Financial services done right

An auspiciously-timed revolution in Malta’s financial services industry has seen the country emerge as one of the EU’s most attractive finance centres, using its agility to create innovative products and capitalising on the skills of its highly-trained workforce.

Since joining the EU, consistent growth in Malta’s financial services sector has come through the highly regarded administration of investment funds, asset management and other technical financial services. As well as regulatory vigour and beneficial tax treaties, the development of new products helped bring more direct foreign investment to the country than any other sector.

Having experienced half a dozen different focuses in modern times, the economy is now more than ever in need of a sizeable, highly skilled workforce, sourced both from its higher education institutions as well as the greater EU market. “Some years ago, somebody training in mathematics would become a school teacher,” says Joseph Bannister, chairman of the Malta Financial Services Authority, which regulates and oversees the whole industry. “Now they can become an analyst, an econometrician or a modeller, so the expansion is right across the sector.”

It is a sentiment that is echoed by Malta’s finance minister Edward Scicluna, himself a former MFSA chair. He is keenly aware of the need for the kind of stability the country is enjoying in attracting serious institutions. “Malta has passed through various phases,” he points out. “It was once a military base, we then moved on to the industry sector, tourism, financial services, i-gaming and IT-related back office industries. Now the next phase is for Malta to become a service centre for the region.”
The MFSA-run educational consultative council has been monitoring the graduate training market to better establish how to meet the specific requirements of the industry. “If there are situations where they need some expertise from abroad, then we are happy to work on that”, says Joseph Bannister. “In terms of training both for the industry and the authority, we are always at the forefront.”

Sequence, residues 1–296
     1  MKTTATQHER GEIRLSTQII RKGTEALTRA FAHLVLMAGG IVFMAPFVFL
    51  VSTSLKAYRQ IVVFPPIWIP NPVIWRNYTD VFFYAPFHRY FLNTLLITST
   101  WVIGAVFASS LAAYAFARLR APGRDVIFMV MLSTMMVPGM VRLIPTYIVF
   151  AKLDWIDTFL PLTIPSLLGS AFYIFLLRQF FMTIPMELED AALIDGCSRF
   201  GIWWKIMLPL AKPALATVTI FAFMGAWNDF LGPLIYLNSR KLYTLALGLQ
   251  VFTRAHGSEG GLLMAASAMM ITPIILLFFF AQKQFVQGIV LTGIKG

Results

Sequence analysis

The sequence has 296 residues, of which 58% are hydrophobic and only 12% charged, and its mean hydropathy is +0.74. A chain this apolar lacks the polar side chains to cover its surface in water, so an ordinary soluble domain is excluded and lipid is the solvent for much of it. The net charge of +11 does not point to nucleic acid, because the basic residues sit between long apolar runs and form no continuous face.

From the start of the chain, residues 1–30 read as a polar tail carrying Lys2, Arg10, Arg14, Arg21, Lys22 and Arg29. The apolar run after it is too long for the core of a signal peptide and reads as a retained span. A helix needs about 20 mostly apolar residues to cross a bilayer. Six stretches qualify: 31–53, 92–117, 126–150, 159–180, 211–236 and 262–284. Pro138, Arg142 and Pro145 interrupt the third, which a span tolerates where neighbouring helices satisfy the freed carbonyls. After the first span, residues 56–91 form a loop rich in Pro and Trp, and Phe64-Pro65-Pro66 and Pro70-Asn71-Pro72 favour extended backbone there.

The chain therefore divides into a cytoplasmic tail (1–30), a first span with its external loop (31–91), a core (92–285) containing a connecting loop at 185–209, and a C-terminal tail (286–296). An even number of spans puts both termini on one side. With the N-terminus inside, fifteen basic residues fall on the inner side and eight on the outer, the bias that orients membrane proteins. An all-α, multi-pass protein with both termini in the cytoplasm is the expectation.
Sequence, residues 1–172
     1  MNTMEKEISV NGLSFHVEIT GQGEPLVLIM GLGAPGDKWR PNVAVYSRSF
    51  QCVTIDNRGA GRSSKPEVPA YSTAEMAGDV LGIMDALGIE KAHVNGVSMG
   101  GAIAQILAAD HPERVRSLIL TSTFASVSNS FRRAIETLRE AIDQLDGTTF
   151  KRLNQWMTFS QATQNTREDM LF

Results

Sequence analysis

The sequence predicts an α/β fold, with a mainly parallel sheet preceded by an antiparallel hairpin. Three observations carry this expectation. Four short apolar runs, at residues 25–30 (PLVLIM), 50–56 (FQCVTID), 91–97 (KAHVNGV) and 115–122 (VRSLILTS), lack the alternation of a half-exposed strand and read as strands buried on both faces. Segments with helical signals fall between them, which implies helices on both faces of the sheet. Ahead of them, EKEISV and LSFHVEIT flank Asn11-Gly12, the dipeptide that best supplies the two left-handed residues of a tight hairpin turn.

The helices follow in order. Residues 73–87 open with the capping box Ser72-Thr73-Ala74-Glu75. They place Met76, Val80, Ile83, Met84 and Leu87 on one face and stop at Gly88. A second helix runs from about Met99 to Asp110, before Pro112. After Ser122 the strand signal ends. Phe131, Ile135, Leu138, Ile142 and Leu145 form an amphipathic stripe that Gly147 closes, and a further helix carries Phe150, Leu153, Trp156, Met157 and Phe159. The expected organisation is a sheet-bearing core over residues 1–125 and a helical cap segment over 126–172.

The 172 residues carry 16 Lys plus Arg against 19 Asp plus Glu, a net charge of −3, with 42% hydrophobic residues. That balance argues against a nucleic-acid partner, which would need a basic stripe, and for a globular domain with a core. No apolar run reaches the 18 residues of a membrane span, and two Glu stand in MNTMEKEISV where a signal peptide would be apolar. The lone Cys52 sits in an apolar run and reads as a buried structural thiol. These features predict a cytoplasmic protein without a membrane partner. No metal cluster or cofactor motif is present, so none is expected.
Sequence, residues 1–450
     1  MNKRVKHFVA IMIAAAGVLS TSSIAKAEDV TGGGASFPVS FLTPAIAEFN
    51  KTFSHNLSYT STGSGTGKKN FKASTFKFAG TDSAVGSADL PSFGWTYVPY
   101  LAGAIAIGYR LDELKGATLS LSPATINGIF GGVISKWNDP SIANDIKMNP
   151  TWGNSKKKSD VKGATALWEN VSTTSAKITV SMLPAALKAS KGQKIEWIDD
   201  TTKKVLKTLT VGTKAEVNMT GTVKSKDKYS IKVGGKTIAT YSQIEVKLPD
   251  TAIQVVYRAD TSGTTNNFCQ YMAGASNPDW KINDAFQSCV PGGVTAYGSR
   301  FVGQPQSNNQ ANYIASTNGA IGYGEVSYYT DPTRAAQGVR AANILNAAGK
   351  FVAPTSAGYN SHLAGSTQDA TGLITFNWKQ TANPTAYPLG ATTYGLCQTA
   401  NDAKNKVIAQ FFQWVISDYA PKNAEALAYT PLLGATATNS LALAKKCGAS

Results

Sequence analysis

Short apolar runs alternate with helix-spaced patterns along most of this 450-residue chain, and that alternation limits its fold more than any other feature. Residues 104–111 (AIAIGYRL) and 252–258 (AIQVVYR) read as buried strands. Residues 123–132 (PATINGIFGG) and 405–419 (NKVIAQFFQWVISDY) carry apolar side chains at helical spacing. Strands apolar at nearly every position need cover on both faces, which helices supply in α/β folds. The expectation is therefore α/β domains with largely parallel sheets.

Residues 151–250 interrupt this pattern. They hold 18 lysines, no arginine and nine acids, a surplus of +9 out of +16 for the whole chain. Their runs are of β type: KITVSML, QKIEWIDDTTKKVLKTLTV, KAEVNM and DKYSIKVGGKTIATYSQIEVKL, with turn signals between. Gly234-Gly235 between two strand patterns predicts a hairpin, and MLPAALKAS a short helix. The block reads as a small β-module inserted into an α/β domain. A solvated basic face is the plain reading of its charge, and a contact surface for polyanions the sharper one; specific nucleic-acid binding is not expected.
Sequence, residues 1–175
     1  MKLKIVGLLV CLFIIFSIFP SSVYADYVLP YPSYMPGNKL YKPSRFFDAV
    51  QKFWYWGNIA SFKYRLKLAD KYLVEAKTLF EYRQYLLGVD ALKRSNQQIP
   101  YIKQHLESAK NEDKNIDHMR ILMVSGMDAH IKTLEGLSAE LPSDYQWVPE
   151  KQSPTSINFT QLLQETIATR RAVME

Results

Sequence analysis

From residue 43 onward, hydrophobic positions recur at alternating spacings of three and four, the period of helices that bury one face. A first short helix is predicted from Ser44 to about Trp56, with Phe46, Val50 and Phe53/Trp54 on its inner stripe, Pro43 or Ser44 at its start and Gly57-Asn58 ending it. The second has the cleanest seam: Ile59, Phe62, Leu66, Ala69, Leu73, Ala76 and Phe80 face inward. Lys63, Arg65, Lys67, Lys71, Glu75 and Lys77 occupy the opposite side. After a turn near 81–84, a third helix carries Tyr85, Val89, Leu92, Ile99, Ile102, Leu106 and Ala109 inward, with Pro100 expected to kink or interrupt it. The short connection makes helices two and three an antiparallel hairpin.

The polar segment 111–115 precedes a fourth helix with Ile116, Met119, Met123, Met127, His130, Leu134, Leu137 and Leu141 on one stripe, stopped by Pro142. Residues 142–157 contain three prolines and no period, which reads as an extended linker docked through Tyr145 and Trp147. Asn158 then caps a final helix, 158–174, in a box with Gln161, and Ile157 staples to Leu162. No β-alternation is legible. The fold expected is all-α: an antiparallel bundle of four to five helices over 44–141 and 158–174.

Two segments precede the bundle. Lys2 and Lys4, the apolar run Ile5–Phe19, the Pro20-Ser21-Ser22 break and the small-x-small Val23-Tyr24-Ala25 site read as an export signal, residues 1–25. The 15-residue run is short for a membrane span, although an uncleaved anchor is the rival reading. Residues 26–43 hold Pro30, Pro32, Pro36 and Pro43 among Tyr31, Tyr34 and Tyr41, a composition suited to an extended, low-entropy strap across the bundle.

Staying there means constant innovation, which Malta has in spades. The country is now pitching itself as the EU go-to for the issuing of Islamic sukuks, the low-risk bonds made more attractive by the ownership of a well-defined asset, and opportunities continue to grow as the nation begins to attract increasing numbers of investors and high net-worth-individuals from the Middle East and North Africa, enticed by the country’s geographical proximity, EU membership and, more importantly, its excellent wealth management, estate planning and corporate finance offering.

The MFSA’s headquarters in Valletta. Photo: MFSA The MFSA’s headquarters in Valletta. Photo: MFSA

Innovation through regulation

The Malta Financial Services Authority (MFSA) has been regulating the industry since 2002. Increasingly proactive in its approach, in 2004 Malta became the first EU country to offer protected cell company status to the insurance sector. In 2013, new regulations were introduced to provide for the authorisation of reinsurance special purpose vehicles (SPRVs), making Malta a key jurisdiction for alternative risk transfer. “We are not creating new regulation,” says Joseph Bannister, chair of the MFSA, “but simply taking the existing regulation and seeing how we can come up with modifications which will not infringe any legislation or any directive. That will give the industry the edge.”


This article was published 19 November 2015
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